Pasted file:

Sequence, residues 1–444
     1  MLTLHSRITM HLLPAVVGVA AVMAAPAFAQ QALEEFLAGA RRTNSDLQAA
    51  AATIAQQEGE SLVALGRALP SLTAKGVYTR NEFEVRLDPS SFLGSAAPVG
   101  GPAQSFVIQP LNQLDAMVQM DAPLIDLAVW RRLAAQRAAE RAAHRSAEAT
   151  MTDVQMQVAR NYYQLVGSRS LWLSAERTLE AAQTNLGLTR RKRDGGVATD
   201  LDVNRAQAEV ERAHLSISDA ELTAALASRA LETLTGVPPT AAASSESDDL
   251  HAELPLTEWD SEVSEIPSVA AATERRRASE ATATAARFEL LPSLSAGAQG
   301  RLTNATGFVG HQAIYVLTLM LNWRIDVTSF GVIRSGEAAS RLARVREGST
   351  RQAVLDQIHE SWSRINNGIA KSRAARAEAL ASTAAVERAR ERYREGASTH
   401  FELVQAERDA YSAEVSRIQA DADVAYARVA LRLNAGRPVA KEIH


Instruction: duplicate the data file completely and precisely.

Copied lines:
Sequence, residues 1–444
     1  MLTLHSRITM HLLPAVVGVA AVMAAPAFAQ QALEEFLAGA RRTNSDLQAA
    51  AATIAQQEGE SLVALGRALP SLTAKGVYTR NEFEVRLDPS SFLGSAAPVG
   101  GPAQSFVIQP LNQLDAMVQM DAPLIDLAVW RRLAAQRAAE RAAHRSAEAT
   151  MTDVQMQVAR NYYQLVGSRS LWLSAERTLE AAQTNLGLTR RKRDGGVATD
   201  LDVNRAQAEV ERAHLSISDA ELTAALASRA LETLTGVPPT AAASSESDDL
   251  HAELPLTEWD SEVSEIPSVA AATERRRASE ATATAARFEL LPSLSAGAQG
   301  RLTNATGFVG HQAIYVLTLM LNWRIDVTSF GVIRSGEAAS RLARVREGST
   351  RQAVLDQIHE SWSRINNGIA KSRAARAEAL ASTAAVERAR ERYREGASTH
   401  FELVQAERDA YSAEVSRIQA DADVAYARVA LRLNAGRPVA KEIH